As in all highlands, the Aubrac Plateau's farmers could not have settled down and survived without cattle, which provided labour, fertiliser and food, producing milk, cheese and meat.
But milk was a seasonal product: cows could be milked at the same time they fed their calves only when the Aubrac Plateau's vegetation was lush. Besides, milk could be kept for only a limited period of time. That explains why the mountain breeders invented Laguiole cheese: to preserve the milk and consume it later.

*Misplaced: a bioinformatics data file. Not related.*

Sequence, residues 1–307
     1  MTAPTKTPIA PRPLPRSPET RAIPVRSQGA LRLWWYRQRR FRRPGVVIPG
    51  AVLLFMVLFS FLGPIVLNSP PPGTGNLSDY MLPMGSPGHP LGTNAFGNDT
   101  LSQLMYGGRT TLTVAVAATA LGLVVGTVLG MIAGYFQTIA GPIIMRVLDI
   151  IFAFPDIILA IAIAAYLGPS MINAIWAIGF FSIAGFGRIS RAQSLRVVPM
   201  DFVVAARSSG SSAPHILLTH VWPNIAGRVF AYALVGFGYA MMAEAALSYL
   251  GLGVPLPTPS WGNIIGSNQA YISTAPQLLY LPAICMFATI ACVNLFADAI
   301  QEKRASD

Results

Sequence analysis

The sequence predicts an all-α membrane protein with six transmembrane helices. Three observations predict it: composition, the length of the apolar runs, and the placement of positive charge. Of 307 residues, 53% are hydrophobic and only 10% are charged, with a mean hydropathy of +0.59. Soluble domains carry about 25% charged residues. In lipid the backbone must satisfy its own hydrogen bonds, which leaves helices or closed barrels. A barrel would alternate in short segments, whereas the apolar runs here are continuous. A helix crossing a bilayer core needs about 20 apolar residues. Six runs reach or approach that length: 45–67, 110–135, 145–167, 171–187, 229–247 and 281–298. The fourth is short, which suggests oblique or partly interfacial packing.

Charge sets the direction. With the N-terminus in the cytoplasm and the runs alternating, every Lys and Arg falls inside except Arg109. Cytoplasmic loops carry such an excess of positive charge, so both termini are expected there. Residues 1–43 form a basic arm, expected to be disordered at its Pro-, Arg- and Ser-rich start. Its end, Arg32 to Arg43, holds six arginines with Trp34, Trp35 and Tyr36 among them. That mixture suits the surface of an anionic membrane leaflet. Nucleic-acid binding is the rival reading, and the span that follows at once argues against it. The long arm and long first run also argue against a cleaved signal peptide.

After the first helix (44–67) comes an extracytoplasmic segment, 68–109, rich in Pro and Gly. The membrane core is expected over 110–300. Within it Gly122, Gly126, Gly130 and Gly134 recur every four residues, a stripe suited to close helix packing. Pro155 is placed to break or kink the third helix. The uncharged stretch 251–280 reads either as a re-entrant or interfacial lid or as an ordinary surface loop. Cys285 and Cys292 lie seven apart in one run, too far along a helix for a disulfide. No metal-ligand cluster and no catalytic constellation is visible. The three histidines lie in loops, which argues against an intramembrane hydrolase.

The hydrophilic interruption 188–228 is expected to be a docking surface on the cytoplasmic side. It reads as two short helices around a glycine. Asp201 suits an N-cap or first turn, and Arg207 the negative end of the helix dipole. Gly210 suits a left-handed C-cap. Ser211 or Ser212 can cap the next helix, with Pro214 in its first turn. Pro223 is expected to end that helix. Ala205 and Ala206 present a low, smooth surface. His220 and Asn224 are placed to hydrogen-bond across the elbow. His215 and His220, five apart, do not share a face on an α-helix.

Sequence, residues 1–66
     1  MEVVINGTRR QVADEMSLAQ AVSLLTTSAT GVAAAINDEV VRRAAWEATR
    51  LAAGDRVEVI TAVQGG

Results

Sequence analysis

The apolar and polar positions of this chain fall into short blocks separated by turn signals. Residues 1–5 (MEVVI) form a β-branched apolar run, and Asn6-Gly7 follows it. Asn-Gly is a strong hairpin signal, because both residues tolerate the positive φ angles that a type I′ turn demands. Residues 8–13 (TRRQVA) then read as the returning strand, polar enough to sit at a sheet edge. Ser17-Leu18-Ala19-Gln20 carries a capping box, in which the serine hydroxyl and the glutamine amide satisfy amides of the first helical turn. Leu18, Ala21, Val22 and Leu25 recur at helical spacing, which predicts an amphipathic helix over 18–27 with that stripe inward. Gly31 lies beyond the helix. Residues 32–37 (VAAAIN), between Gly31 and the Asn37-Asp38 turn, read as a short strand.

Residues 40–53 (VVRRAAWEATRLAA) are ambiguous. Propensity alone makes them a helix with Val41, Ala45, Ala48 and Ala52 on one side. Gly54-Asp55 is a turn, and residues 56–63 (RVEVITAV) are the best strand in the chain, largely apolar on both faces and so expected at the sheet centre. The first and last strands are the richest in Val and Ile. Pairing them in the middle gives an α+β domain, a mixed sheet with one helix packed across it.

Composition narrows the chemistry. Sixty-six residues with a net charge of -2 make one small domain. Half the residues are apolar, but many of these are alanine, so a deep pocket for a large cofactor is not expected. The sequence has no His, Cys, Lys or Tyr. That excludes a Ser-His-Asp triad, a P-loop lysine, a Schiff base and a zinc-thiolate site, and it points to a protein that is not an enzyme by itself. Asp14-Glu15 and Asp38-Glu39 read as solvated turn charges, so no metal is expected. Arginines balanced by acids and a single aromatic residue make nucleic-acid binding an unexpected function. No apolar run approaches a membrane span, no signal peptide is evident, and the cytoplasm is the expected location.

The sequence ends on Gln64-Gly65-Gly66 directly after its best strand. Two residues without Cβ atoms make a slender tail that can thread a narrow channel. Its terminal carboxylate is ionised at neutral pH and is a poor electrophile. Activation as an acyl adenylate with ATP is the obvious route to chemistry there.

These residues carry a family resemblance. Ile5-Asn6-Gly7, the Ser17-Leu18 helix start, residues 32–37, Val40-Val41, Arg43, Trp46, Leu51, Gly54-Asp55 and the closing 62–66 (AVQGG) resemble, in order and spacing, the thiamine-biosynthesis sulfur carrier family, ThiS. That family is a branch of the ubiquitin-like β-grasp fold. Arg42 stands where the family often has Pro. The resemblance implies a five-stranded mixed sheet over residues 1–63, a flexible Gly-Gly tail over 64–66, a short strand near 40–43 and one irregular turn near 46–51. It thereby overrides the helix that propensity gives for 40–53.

As time went by, preparation practices and know-how, carefully handed down from one generation to the next, improved and enabled the cheese to keep longer. Laguiole gradually became famous as a unique cheese that ages well.
In the mid-20th century the issue of survival on the Aubrac Plateau, which is how Laguiole began, arose in different terms: what should be the response to the decline of traditional production, a serious threat to the dairy industry and to the region?